Saturday, March 7, 2009

The Authority to Command

Issues regarding commands and who has the authority to give them are part of everyone’s life. We are all subject to the commands of one person or another, with a tiny minority of possible exceptions at the highest levels of authority. For that reason, everyone’s going to encounter questions of authority and the right to issue commands.

One wouldn’t think these would be difficult questions to answer… and one would be surprised. In the anime series .hack//Sign, for much of the series, there existed a player organization called the Crimson Knights. Throughout the first parts of the series, the goals of the Crimson Knights are obvious: they work to help keep control of the game world. They try to bring players that are violating the rules to “justice”.

All well and good, right? It can’t hurt to have people working to help keep the game under control. Game masters of MMOs across the world are overworked trying to do that job; surely some help is a good thing. There doesn’t appear to be much of a problem at first; the knights are loyal to their leader Subaru and follow her orders.

The problem develops over the series. A conflict slowly develops between Subaru and the second in command of the Knights, appropriately named Silver Knight. The problem is of course a question of authority. Silver Knight wants to take as much control as possible, and be as active as possible in hunting down and punishing anyone who breaks the rules.

This forces Subaru to constantly remind him as the series progresses that they are merely players. She never says any more than that, but the implications are obvious: the Crimson Knights are not the game’s police force. Nor are the Crimson Knights the administrators themselves, as the Cobalt Knight Brigade was in .hack//Legend of the Twilight. The Crimson Knights do not have the authority to command other players to do anything, nor do they have the authority to sanction other players for breaking the rules.

It can’t hurt, though, to have additional people keeping an eye out for rules violations, right? Keeping an eye out is not a problem, but what Silver Knight wanted was to have the authority to punish players for their actions. And that most assuredly is a problem.

Any kind of authority carries with it a responsibility. The two cannot be separated; if one has the authority to punish those who violate the rules, one has the responsibility to the players to fairly and evenly mete out punishment. Any authority carries the responsibility that that authority be used appropriately.

This holds true with all kinds of authority, as well. A commanding officer of a military unit has a great deal of authority with regards to that unit. He issues all of the orders to that unit, whether it be a platoon of soldiers all the way up to a carrier battle group, and directs its actions. With that authority comes the responsibility to ensure that unit’s well-being and direct it wisely.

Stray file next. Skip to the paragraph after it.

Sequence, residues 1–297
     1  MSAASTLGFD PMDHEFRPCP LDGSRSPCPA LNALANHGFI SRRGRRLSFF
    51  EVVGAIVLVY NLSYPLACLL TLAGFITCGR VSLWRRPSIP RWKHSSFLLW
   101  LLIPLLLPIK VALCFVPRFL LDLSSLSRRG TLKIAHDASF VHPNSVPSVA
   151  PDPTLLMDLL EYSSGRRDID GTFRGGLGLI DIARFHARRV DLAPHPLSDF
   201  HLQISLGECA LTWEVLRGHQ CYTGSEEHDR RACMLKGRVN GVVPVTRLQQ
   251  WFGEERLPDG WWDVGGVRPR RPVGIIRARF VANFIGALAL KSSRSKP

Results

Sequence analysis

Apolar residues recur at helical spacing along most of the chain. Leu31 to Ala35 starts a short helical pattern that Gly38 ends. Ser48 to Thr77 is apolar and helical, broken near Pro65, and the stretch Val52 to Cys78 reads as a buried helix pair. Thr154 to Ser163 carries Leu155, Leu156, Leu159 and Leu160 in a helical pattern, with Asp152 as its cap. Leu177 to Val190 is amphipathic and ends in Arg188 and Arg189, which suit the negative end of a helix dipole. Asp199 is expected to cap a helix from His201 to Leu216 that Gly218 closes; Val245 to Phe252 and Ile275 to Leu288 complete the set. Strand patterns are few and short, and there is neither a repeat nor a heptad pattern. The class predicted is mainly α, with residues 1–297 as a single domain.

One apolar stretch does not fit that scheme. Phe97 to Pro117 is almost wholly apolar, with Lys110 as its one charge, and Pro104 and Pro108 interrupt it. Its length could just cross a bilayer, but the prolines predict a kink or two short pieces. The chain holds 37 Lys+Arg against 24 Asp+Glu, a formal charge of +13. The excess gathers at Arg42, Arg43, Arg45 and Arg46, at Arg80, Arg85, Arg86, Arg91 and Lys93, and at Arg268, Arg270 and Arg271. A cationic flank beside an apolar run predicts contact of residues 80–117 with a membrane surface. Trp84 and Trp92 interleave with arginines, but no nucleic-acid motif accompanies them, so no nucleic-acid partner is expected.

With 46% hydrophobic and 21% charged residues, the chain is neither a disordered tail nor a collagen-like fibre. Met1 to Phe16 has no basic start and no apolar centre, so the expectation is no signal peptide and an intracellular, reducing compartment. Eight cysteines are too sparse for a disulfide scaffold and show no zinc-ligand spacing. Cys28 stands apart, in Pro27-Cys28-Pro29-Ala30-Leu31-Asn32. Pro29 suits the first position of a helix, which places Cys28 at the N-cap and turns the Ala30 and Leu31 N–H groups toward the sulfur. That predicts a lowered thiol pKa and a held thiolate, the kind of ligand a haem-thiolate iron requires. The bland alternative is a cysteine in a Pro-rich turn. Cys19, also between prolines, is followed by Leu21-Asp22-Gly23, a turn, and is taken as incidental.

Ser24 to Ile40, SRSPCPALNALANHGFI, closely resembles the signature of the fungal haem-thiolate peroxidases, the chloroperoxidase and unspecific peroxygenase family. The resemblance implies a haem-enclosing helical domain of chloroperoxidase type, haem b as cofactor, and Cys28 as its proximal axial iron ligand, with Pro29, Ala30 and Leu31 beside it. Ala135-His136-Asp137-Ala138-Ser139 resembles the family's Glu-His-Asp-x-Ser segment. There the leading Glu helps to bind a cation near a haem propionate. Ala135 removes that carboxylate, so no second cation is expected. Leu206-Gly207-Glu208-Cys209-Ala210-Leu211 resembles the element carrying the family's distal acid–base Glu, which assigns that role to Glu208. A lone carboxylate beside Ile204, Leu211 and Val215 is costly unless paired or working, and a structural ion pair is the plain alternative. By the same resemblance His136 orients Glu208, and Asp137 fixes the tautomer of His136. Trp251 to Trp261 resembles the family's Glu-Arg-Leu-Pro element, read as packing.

The President of the United States is one of the few people in the world to whom my earlier exception about taking orders may apply, and has a wide range of power inside and outside that nation’s borders. But with the massive amount of power that comes with the position is a very heavy responsibility to use it wisely to the benefit of the American people and society at large; this is why the election of a new President is such a big deal both inside and outside the United States.

As with the President, because of the responsibility that comes with authority, people are only given authority if they can be shown to be able to handle the responsibilities of that authority. Which brings us back to Silver Knight. The problem was not that he wanted to keep the game under control (although last week’s post has more to say about the desirability of that). The problem was that he and the Crimson Knights were trying to take on authority without recognizing or appreciating the responsibility it carried with it.

One of the many dilemmas of command is the heavy responsibility that comes with it. One of the problems of carrying authority is having to be aware of that responsibility. Silver Knight and the Crimson Knights behind him cared for none of that. They tried to take on the authority of the police without being recognized by anyone as able to handle that responsibility. And partway through the series, they were disbanded by Subaru when she realized these exact problems.

The authority to command is not merely power. It is also the responsibility to those that one commands. One who merely gives orders for the sake of feeling strong or authoritative is not a commander, and can truly only be called a bully or a thug. To truly command, one must recognize that one’s duty to the people or rules above you must be balanced by the responsibility to those one commands.